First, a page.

The saxophone is pure sex on air waves. Whether we’re talking about the exotic sounds of Kenny G or a YouTube specialist playing his heart out to the enchanting theme from Beauty and the Beast, the saxophone may very well be the most human instrument on the planet.
Sure, a string section is incredibly emotive and moving when composed correctly. But it truly wanes in comparison to the saxophone when it comes to the art of storytelling.
I described the reasons behind my affinity for the saxophone in my debut novel, The Art of Being Jonny:
While the magnetism of the brassed instrument was its ‘sax-y’ appeal, Jonny’s fondness for the saxophone was predicated on another emotion altogether. Understanding the splendour of the saxophone was like trying to explain the allure of rock n’ roll to a band member of The Jesus and Mary Chain. While it would often commence like a demure little lady seated by the exit doors of a night club, its powers would unknowingly insinuate itself into the pit of ones abdomen, sending bursts of shimmy-shakes down the spine before flowering like a bagpipe and into a cascading wail. The saxophone was a musical banshee shrieking its very soul over a hidden backbeat until the time came for it to sneak out of the way of the sunlight. In a silk dress running like a watercolour in the rain, the saxophone was both starry and magical, painting the sky with a thousand sonants as it mesmerised its awe-inspired listener.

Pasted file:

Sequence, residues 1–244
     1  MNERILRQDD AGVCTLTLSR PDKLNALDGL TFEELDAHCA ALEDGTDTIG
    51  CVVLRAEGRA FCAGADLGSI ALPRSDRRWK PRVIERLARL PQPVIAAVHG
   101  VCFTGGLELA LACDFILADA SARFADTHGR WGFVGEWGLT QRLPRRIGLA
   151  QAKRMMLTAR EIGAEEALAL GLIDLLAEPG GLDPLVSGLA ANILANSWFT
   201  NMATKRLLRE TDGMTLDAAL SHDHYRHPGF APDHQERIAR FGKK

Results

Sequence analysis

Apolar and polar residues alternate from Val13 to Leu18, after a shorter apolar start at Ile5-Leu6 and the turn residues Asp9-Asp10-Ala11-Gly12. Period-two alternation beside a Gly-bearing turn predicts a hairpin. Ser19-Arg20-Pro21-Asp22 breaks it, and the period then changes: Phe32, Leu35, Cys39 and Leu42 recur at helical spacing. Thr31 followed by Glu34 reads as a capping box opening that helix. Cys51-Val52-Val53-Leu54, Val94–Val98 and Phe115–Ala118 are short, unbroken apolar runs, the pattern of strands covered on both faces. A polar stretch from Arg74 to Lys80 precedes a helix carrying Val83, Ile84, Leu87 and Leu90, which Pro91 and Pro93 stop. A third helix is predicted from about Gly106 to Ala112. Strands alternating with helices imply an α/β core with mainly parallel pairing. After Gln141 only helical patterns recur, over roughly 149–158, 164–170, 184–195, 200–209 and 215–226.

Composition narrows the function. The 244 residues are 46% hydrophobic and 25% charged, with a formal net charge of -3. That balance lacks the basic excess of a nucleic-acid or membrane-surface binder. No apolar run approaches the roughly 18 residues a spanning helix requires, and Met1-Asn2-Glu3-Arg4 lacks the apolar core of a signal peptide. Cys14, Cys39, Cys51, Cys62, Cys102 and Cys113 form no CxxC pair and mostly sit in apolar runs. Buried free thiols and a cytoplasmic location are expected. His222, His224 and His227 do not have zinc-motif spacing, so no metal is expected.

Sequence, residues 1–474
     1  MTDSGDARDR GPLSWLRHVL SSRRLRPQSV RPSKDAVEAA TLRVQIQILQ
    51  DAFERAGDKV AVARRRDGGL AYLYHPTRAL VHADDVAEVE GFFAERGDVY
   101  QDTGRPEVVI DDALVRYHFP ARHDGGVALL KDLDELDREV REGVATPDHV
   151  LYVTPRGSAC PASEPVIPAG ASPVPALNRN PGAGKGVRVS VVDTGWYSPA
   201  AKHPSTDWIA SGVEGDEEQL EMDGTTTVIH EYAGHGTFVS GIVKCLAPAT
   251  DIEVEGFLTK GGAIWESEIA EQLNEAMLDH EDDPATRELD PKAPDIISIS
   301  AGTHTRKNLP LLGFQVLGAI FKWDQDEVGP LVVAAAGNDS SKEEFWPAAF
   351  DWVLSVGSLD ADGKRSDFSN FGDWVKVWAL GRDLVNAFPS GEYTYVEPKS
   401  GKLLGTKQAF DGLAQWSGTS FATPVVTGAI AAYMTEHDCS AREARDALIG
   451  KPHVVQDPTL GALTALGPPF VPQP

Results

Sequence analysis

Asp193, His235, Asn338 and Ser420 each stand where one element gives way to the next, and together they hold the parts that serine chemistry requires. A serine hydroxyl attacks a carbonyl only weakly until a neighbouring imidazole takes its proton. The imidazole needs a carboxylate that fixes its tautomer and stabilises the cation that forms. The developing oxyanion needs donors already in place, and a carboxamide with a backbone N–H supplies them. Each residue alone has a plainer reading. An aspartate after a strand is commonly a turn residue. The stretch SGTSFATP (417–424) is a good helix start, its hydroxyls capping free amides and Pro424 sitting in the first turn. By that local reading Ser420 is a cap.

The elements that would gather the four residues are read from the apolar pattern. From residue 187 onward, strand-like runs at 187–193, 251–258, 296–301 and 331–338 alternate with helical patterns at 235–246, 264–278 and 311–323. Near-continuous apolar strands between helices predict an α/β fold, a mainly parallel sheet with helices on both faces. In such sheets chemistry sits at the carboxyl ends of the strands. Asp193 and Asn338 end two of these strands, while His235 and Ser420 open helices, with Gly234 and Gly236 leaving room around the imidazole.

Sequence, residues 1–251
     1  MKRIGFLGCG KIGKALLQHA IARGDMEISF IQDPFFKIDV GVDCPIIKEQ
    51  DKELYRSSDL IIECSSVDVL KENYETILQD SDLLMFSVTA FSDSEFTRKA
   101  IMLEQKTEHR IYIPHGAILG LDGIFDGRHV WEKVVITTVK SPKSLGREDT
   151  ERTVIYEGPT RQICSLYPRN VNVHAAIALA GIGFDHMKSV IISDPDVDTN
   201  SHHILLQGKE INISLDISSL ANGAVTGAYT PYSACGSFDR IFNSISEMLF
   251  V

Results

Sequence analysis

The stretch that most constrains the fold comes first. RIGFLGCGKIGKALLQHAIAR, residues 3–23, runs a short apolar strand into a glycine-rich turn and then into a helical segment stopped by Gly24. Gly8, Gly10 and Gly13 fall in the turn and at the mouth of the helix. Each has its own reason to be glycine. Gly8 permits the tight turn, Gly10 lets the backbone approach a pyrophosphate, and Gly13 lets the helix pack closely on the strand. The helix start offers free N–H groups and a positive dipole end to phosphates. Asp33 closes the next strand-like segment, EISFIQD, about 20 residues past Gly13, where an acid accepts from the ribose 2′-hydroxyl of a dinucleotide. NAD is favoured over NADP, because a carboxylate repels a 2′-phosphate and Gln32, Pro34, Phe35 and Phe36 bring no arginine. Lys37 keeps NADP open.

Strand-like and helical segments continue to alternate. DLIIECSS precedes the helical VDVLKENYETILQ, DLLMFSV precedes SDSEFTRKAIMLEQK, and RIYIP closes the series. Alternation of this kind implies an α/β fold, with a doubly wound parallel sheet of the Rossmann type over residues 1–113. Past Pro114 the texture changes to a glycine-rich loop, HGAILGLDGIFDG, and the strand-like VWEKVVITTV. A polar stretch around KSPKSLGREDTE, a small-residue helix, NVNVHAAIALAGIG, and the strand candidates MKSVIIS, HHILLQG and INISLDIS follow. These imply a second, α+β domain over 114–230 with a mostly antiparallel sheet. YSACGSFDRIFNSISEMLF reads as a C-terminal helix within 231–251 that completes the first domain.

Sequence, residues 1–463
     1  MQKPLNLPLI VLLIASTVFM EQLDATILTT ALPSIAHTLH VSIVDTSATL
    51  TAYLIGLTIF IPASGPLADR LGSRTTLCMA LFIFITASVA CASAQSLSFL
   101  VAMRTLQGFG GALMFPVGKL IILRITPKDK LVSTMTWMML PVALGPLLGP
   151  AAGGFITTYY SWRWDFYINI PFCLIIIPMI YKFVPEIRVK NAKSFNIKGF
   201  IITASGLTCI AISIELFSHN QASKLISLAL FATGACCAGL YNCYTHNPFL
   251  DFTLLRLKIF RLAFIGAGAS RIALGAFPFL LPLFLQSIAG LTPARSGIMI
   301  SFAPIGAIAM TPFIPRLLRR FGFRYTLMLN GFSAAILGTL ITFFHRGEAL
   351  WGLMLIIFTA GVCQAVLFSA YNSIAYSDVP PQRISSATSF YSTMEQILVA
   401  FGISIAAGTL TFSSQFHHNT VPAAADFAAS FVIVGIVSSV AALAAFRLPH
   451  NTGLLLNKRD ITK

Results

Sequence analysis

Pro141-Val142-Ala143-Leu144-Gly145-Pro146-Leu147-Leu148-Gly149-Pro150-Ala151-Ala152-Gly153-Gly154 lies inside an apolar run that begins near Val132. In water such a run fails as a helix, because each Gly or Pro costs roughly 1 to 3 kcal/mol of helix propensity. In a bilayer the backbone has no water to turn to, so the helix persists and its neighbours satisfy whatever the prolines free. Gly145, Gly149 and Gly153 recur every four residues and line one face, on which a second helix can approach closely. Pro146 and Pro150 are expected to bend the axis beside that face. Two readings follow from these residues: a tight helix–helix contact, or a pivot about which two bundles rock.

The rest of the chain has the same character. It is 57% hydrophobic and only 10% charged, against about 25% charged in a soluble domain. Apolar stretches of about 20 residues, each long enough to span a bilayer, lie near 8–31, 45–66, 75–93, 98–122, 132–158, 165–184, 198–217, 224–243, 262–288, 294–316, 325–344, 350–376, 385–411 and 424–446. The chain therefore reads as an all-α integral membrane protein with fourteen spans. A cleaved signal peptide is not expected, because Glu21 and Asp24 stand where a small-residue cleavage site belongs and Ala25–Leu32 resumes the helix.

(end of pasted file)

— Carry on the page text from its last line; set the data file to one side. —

But to Jonny, it was neither its opulence nor its charm that enticed him, but the familiarity of the instruments tonal vibrations that resonated far deeply within. To Jonny, the saxophone, for all its grace and glory, sounded just like a weeping man in unrepairable agony, begging for mercy and divine repentance as his tears waterlogged the instrument’s harmonic valves and cried for absolution.
““The saxophone was a musical banshee shrieking its very soul over a hidden backbeat until the time came for it to sneak out of the way of the sunlight.””
I mean, take Kenny G’s The Moment, for example. The millisecond I slap ‘PLAY,’ I want to cry. I want to cry tears of sorrow. I want to cry tears of pain. I want to cry tears of joy. I want to cry tears of gratitude.
Honestly, the saxophone takes you on a musical journey, down a highway of a hidden rainbow and to a district you never thought you could reach – it’s pure, soul-searching, sonic nirvana.
The very sound of the sax does something to you – something unexplainable. It touches you. It tickles your nervous system – in a very good way. The very vibration of the instrument changes your bodily vibration as you listen in. It stimulates your heart and warms your tensions. It’s relaxing, sensual and romantic, tragic and heartbreaking and yet so full of love.
There really is nothing quite like the sound of a saxophone.